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Mental health policy in England

Briefing Paper Number CBP 07547, 4 September 2018

Author: Elizabeth Parkin

Around one in four people in the UK suffer from a mental health problem each year. The NHS has set out that it wants to achieve “parity of esteem” between mental and physical health, in terms of access to services, quality of care and allocation of resources. While the achievement of parity of esteem has been a long term-policy goal, since 2010 this aim has increasingly featured in legislation and in Government and NHS policy statements.

In February 2016 an Independent Mental Health Taskforce published The Five Year Forward View for Mental Health. This made a series of recommendations for the NHS and Government to improve outcomes in mental health by 2020/21, including ending the practice of sending people out of their local area for inpatient care and increasing access to talking therapies. The Government and NHS England accepted the Taskforce recommendations, and the Government has committed £1billion by 2020/21 to support their implementation.

In October 2017, the Government commissioned a review of the Mental Health Act 1983, in response to concerns about rising rates of detention and the disproportionate use of the Act among people from black and minority ethnic (BAME) groups. An interim report was published in May 2018 and flags several areas for change, such as ‘advance planning’ decisions so patients’ preferences about their care receive suitable consideration. The review is also gathering evidence on the use of the Act among people from BAME groups. The final report is due in autumn 2018.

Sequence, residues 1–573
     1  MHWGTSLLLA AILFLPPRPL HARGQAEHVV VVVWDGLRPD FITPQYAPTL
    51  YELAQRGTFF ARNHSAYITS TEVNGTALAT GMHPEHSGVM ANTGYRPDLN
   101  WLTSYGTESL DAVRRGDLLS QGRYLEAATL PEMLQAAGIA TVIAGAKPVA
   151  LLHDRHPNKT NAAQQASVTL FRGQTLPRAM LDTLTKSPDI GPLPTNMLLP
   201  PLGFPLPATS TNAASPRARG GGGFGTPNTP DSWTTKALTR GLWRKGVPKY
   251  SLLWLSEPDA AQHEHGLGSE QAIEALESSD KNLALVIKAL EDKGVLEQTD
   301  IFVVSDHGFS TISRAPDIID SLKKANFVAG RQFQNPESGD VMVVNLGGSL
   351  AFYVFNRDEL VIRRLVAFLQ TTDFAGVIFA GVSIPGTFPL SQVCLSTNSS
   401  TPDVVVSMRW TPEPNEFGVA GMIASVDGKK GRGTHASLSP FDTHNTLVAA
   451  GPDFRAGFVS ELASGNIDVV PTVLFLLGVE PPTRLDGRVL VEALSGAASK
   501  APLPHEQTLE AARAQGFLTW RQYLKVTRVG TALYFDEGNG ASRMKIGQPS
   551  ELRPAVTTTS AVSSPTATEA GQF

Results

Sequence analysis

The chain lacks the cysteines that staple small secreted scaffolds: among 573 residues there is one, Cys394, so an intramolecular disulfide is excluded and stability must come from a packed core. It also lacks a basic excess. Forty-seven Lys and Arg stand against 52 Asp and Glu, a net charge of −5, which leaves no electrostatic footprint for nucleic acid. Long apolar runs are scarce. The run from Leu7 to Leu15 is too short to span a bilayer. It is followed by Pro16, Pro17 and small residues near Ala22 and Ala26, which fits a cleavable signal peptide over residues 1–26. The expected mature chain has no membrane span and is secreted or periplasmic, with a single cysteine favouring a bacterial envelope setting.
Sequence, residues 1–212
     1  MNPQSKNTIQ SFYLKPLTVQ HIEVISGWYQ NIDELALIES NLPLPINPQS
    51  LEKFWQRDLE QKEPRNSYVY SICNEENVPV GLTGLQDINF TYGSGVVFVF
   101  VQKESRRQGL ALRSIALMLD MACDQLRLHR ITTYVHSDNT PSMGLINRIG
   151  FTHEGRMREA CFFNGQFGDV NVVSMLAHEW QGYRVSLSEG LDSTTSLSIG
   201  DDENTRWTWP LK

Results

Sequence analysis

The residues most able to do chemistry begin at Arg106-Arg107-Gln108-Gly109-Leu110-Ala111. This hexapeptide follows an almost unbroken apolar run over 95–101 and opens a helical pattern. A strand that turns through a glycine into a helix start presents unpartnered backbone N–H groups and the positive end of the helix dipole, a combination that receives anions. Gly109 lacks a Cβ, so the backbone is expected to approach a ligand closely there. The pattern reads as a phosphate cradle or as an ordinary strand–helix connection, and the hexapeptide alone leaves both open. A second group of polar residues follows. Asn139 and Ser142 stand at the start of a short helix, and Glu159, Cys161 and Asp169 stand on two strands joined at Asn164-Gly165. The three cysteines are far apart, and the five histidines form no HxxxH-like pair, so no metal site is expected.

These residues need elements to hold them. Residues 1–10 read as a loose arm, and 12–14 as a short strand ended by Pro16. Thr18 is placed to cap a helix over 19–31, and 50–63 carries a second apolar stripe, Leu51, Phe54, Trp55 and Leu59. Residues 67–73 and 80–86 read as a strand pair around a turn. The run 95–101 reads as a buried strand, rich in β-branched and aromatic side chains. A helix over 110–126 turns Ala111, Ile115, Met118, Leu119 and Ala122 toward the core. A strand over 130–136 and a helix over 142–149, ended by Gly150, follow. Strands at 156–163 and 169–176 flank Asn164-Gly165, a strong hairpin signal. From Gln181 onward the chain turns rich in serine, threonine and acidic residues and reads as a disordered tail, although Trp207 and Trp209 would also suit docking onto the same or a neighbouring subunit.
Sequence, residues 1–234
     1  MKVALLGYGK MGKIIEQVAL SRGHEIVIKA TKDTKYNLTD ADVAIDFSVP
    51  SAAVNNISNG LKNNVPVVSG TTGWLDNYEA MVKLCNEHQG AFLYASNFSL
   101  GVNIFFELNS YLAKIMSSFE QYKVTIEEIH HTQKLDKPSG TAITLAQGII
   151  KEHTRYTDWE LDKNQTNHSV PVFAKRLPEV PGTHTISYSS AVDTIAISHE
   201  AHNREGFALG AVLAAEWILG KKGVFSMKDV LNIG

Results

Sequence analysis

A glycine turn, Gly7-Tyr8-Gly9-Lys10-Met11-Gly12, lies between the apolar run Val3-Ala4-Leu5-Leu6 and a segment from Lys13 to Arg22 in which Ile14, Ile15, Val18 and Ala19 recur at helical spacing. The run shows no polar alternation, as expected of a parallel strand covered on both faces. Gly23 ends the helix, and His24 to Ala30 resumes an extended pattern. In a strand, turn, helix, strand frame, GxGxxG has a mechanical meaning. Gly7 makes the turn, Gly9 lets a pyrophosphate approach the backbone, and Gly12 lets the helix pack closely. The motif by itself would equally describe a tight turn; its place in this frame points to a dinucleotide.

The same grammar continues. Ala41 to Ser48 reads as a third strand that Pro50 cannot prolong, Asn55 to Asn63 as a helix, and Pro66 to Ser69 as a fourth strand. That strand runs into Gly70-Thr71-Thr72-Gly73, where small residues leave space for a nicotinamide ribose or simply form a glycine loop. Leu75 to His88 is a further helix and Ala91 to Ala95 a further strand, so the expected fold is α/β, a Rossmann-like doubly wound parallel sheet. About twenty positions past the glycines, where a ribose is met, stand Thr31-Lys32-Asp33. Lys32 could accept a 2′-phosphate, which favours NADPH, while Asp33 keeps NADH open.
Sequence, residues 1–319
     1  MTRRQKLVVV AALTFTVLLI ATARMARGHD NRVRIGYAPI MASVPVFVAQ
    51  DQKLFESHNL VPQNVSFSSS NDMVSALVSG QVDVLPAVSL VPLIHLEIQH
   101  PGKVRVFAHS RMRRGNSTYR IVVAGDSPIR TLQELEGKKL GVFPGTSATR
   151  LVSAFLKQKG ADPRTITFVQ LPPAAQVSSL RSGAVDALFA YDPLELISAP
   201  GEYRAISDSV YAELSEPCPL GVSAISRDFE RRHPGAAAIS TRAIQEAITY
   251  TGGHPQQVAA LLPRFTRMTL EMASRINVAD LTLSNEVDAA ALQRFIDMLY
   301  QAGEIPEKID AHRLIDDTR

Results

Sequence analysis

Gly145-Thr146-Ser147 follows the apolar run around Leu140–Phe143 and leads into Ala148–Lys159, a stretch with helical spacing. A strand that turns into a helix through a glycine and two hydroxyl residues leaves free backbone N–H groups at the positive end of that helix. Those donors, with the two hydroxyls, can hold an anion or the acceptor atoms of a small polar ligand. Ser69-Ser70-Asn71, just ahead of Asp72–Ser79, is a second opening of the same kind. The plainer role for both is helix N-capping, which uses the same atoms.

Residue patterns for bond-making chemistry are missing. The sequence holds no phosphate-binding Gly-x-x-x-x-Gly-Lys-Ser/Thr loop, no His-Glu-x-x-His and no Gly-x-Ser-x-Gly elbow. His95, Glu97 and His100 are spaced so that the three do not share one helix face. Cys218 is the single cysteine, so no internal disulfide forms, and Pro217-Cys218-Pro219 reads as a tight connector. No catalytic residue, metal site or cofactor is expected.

The briefing also looks at the use of force in mental health units. Current guidance, including the Code of Practice to the Mental Health Act and that published by NICE, provides direction to service providers and healthcare staff about the use of force and restrictive intervention. The Private Members’ Bill Mental Health Units (Use of Force) Bill is currently awaiting Second Reading in the House of Lords. The Bill would place requirements relating to the use of force on a statutory footing, including requiring mental health units to have a written policy and commit to reducing their use of force.

As health is a devolved matter, the Governments of Scotland, Wales and Northern Ireland are responsible for setting their own policies in this area. Links to policies of the devolved administrations are provided in section 6 of this briefing.

Links to Library briefings on more specific areas of mental health policy, such as children and young people’s mental health, suicide prevention, and perinatal mental health, are provided in section 7.